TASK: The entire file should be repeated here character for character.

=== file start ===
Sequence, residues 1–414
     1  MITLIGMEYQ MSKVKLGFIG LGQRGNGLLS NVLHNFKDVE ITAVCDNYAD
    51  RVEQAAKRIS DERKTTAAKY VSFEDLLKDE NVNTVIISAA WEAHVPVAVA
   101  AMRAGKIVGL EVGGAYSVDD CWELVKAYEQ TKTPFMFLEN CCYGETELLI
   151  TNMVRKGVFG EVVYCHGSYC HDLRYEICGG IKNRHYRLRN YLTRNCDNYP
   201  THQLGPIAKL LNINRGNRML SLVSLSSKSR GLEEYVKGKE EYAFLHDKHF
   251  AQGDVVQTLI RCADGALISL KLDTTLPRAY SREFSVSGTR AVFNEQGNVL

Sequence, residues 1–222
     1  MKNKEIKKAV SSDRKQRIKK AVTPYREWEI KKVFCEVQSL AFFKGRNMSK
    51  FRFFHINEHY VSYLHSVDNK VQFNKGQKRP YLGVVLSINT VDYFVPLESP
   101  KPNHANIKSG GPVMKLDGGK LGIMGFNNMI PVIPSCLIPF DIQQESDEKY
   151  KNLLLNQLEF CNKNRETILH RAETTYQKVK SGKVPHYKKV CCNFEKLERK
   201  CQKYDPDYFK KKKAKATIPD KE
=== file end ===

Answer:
Sequence, residues 1–414
     1  MITLIGMEYQ MSKVKLGFIG LGQRGNGLLS NVLHNFKDVE ITAVCDNYAD
    51  RVEQAAKRIS DERKTTAAKY VSFEDLLKDE NVNTVIISAA WEAHVPVAVA
   101  AMRAGKIVGL EVGGAYSVDD CWELVKAYEQ TKTPFMFLEN CCYGETELLI
   151  TNMVRKGVFG EVVYCHGSYC HDLRYEICGG IKNRHYRLRN YLTRNCDNYP
   201  THQLGPIAKL LNINRGNRML SLVSLSSKSR GLEEYVKGKE EYAFLHDKHF
   251  AQGDVVQTLI RCADGALISL KLDTTLPRAY SREFSVSGTR AVFNEQGNVL

Sequence, residues 1–222
     1  MKNKEIKKAV SSDRKQRIKK AVTPYREWEI KKVFCEVQSL AFFKGRNMSK
    51  FRFFHINEHY VSYLHSVDNK VQFNKGQKRP YLGVVLSINT VDYFVPLESP
   101  KPNHANIKSG GPVMKLDGGK LGIMGFNNMI PVIPSCLIPF DIQQESDEKY
   151  KNLLLNQLEF CNKNRETILH RAETTYQKVK SGKVPHYKKV CCNFEKLERK
   201  CQKYDPDYFK KKKAKATIPD KE